Calm Dwellings

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Several years ago Thornton’s Mortuary, an Atlanta funeral home, announced a new service available to its customers. It had installed a large plate-glass window facing onto its parking lot so that families who wished to could now avail themselves of a drive-by viewing ceremony.

Rarely has the link between a culture’s way of life and its way of death been shown more graphically. And yet it is a link that always has existed.

Throughout most of the course of human history, the funeral ritual of one society has often been seized upon by another as an object of wonderment, ridicule, and even sacrilege. It is only in relatively recent years, however, that students of history have begun to perceive the valuable insight the funeral ritual may provide into a society’s deepest concerns. Examples of this connection abound, from the rise of macabre tomb sculpture in Europe during the time of the late-medieval plagues to the apparently carefree tossing of infants into rivers and woods among so-called primitive peoples beset with staggeringly high infant mortality rates. But for most Americans, few instances of this phenomenon are more striking than the creation of what was called the “rural cemetery” in the early and mid-nineteenth century—at the same time that there settled on the American mind serious worries about the growing urbanization of life and the steady withdrawal of the family from day-to-day involvement in that life.

Throughout the seventeenth and much of the eighteenth centuries in America, the responsibilities of family, church, and community overlapped and were often inseparable. As one seventeenth-century Puritan minister put it: “A family is a little church, and a little commonwealth, at least a lively representation thereof, whereby trial may be made of such as are fit for any place of authority, or of subj ection, in Church or commonwealth. Or rather, it is a school wherein the first principles and grounds of government are learned; whereby men are fitted to greater matters in church and commonwealth.”

As a result, family, church, and community all were called upon to share in the burdens of caring for the young, the old, the infirm, and the socially deviant. When it came to dealing with death, this social network responded powerfully: Puritan funerals, in particular, were noteworthy for their large and elaborate displays of concern for the loss of a member of the society. Indeed, so excessive did this response become that legislation was passed early in the eighteenth century to limit what was coming to be seen as a social problem—funeral expenditures so great that they left the survivors impoverished. If there was a good reason for the expression of such concern, there was also good reason for the activity that brought it about: the integrated worlds of family, church, and community responded as one to the genuine damage done to the social fabric by the death of an individual.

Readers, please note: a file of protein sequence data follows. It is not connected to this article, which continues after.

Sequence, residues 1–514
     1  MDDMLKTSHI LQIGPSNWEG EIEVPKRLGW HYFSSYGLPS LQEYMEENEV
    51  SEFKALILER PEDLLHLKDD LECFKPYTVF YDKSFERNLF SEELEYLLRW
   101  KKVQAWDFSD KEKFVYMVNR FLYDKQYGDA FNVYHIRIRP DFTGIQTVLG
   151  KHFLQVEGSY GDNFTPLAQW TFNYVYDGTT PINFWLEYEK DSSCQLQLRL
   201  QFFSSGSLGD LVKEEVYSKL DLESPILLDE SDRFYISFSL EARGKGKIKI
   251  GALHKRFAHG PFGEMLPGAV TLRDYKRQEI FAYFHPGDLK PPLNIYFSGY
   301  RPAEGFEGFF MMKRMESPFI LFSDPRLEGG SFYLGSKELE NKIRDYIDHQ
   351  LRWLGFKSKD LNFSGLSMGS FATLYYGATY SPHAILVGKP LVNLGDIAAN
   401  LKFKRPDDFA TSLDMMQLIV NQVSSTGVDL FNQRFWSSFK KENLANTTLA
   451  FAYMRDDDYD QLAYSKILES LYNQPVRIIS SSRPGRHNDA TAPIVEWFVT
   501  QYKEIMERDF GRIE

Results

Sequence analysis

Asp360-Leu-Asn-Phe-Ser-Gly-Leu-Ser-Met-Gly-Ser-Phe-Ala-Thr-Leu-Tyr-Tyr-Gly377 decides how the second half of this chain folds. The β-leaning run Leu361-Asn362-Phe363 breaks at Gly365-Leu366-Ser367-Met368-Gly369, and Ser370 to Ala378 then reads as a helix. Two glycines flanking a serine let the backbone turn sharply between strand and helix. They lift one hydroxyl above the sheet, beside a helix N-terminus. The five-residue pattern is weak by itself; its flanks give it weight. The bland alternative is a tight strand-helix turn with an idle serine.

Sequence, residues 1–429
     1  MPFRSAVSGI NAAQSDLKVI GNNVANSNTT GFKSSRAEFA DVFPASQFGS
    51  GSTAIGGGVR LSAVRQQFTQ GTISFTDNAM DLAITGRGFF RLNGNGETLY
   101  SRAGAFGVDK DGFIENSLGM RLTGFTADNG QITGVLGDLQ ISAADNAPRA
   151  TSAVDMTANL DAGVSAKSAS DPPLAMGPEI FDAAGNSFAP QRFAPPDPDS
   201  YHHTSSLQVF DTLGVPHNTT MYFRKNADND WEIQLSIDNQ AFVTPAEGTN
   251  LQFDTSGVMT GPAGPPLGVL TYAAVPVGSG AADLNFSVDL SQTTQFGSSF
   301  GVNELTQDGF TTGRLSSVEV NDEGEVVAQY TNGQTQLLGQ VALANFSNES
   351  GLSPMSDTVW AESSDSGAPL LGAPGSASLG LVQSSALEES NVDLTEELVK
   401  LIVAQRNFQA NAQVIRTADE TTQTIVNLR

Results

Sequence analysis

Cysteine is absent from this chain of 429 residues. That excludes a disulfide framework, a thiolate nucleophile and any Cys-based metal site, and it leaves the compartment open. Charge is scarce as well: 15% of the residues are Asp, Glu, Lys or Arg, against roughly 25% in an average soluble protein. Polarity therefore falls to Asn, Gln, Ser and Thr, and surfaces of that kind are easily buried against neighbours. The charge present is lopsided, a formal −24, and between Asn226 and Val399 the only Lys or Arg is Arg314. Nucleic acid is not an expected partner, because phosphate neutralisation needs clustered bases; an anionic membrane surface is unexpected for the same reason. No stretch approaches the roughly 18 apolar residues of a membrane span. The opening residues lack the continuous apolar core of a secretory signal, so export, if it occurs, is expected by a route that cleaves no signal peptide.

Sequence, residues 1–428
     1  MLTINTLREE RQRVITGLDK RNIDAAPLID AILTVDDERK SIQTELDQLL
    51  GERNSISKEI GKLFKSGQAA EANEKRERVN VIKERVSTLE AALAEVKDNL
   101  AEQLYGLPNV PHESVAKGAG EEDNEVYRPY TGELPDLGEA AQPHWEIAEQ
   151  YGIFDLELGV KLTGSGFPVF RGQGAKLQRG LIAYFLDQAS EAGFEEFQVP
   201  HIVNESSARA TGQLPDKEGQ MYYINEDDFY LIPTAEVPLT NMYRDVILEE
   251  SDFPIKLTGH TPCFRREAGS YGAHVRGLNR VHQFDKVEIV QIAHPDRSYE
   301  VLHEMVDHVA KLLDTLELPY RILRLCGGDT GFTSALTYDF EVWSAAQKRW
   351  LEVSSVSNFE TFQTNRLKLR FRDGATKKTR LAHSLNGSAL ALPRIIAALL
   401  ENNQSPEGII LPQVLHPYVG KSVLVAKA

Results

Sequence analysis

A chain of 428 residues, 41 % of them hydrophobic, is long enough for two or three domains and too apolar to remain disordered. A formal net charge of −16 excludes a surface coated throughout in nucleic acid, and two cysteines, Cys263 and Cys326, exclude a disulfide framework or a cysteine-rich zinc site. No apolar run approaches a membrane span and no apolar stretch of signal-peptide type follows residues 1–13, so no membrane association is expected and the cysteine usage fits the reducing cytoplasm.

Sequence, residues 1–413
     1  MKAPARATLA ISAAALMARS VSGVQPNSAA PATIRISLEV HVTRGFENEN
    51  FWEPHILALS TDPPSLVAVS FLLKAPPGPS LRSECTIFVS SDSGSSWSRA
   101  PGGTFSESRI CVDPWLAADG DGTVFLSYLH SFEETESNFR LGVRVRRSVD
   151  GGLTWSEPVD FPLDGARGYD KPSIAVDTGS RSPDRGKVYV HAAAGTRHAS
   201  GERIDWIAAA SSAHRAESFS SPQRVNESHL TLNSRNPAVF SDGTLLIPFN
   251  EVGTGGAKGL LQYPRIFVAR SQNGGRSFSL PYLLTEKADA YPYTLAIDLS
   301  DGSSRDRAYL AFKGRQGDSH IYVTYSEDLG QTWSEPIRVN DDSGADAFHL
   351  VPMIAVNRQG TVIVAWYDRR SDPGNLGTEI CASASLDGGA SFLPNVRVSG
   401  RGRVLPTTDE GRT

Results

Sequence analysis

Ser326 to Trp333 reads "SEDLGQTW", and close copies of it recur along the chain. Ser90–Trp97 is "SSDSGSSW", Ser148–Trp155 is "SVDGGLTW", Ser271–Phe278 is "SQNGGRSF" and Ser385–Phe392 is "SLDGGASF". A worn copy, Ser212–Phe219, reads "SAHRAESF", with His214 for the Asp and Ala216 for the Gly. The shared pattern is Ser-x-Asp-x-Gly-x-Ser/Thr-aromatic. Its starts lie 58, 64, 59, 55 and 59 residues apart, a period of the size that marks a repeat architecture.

But by the middle of the eighteenth century, Puritanism was in a state of rapid decline, if not collapse. And by the close of the century, the Revolutionary War and the societal upheaval that followed in its wake had left the worlds of family, church, and community reeling. As the historian David Hackett Fischer recently observed, “… the existence of change is constant in history, [but] its rhythm is variable.” At certain historical moments we can see relatively abrupt alterations in the rate of change—what Fischer terms “deep change.” In recent years historians of family, religious, and social life have come to recognize the period from 1780 to 1820 as just such a time. It is no coincidence that this era was also the seedbed for a major change in the American treatment of death.

 

As the unity of family, church, and community began to disintegrate, the large communal outpouring of response to the death of an individual also started to disappear. The concern that in the 1720’s gave rise to legislation aimed at curbing funeral expense had, by the 1780’s, been replaced with a new concern: legislation now was required to see to it that at least some funeral ceremony was carried out and that minimal care was given to the tending of grave sites. Reverend William Bentley, a New Hampshire cleric, could have been addressing the plight of most American cemeteries at the turn of the nineteenth century when he lamented in his diary that Salem’s “antient graveyard” was “in the greatest confusion & tho’ the monuments of the best families are to be found in it, [they are] in the utmost neglect.” In the uncertain first years of nationhood, many of America’s cemeteries fell prey to “the utmost neglect”—not only insulting the sensibilities and endangering the health of those who remained alive, but also bearing witness to the tempestuous realignment of community values.